Borrowing Cooper’s Brand Experience Workshop to Supercharge Stakeholder Alignment

Tony Hancock
6 min readMay 30, 2019

As a UI designer, how often have you met with a stakeholder and been told, “I don’t know how to describe exactly what I want, but I’ll know it when I see it?” Of course, we design experiences that meet user needs, but there are often real business constraints that will shape what is ultimately created and iterated on: be it sellability, technical constraints, competitive considerations, etc. For that reason, having stakeholder buy-in is a big part of the process. Getting guidance on what will win that coveted approval, however, can sometimes be like herding cats.

Source: Giphy

I came across the excellent Brand Experience Workshop when taking professional training from Cooper last year. The workshop was only mentioned in passing, but I was immediately struck by the power of the methodology: to summarize extensively, you line walls with images of different products, services or experiences and have stakeholders place green stickers for things that feel like what your brand should be, and place red stickers for those that feel like what your brand shouldn’t be. By exposing stakeholders to a variety of tangible ideas, they are better able to navigate what will work, and what won’t.

The workshop was designed to help establish the right ideas to go into a brand, something I don’t really work on in my current role — I am much more focused on building digital products. So I got to thinking, could this be adapted to help guide UI design and visual language development for digital products?

We were creating a tool that helped users compare travel prices across additional sites to the one they were currently visiting, and because we were designing something that would live on someone else’s site, there were a ton of constraints. I decided to slot the workshop early in the design process, and use it to kick off ideation once we had all our initial research lined up.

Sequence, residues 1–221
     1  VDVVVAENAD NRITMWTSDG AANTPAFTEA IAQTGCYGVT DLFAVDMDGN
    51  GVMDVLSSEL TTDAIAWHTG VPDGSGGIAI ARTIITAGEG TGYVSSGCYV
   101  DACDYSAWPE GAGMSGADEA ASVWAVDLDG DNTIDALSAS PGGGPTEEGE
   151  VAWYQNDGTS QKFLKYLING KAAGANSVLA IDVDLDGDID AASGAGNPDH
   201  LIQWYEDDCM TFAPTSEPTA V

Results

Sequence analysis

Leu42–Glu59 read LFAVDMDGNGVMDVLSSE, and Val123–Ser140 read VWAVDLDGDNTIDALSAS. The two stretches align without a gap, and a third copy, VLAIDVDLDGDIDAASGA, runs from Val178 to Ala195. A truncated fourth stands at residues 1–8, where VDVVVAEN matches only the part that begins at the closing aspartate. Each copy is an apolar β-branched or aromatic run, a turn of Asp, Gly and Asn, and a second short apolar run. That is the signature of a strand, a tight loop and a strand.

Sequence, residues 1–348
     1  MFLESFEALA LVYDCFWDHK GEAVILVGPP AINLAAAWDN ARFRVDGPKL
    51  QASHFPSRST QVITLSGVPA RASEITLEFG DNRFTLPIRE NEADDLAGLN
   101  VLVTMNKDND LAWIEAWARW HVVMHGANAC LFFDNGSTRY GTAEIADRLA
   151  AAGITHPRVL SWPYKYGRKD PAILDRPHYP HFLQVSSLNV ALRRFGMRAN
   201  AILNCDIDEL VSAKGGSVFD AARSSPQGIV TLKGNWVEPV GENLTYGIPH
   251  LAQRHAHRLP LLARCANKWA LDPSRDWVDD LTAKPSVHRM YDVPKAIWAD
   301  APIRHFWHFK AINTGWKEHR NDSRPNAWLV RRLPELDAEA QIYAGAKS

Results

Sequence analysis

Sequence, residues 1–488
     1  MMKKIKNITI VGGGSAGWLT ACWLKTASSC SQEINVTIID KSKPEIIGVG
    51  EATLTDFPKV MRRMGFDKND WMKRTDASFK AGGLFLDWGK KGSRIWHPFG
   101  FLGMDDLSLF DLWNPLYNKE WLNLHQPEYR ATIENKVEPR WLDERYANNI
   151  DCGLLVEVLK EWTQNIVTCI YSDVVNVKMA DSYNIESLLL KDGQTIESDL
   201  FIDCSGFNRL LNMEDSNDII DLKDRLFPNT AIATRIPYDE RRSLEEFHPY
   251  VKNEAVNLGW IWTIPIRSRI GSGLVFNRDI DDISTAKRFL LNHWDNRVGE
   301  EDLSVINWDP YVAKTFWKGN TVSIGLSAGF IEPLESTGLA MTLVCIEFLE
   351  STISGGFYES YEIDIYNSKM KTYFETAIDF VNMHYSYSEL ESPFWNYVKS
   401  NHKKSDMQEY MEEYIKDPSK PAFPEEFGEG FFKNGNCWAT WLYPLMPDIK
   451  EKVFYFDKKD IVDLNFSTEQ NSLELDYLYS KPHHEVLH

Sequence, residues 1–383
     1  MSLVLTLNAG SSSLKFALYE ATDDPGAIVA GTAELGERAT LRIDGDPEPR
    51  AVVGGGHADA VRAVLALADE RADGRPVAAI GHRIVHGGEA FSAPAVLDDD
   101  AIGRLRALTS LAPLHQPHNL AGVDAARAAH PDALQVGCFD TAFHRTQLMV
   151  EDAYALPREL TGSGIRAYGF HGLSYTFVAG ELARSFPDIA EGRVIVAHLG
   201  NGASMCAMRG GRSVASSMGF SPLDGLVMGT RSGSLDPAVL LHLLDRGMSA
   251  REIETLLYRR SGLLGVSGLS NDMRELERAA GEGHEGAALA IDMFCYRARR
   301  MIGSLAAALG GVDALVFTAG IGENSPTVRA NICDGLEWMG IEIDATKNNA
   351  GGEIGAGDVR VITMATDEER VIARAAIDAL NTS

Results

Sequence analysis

Step 1 was to spend a day scouring the internet for all sorts of other on-page experiences. I pulled widgets, modals, chat windows, notifications, ads, just about every interface element you could imagine from all types of sites and services, from the New York Times to Bumble. Once I had a good 100+ images, I burned through 3 cartridges of toner printing them all out, one per page.

Step 2 was inviting the stakeholders I knew would need to bless any designs in the future to the workshop. We blocked off half a day, which ended up being the right amount of time to get through everything. You could probably complete the exercise in 2 hours if you don’t plan to ideate afterward as a group, more on that later. I tried to include people from various parts of the company: business development, design, product, and leadership.

Step 3 was taping up all the pictures, which took longer than I would have imagined. Get a colleague to help you do this! I decided to tape them to the back of several whiteboards that we would be using at the beginning of the workshop.

Step 4 was to kick off the workshop with the overall goal and desired outcome: to leave with rough sketches of ideas that would solve the user’s needs and that we thought we could sell. We reviewed relevant research, gathered some burning questions and concerns to keep in mind throughout the workshop, and established a parking lot to revisit at the end.

Step 5 was the grand reveal. We turned around the whiteboards to show everyone all the images taped up, as someone handed out red and green dots to each person (we settled on 10 of each, within the recommended range of 5–10 Cooper recommends). No one at this point had been told about this part of the workshop, and the reaction was amazing! An audible “oOooOoo!” rippled through the room, and people’s energy level ratcheted up a notch. People love working with tangible artifacts.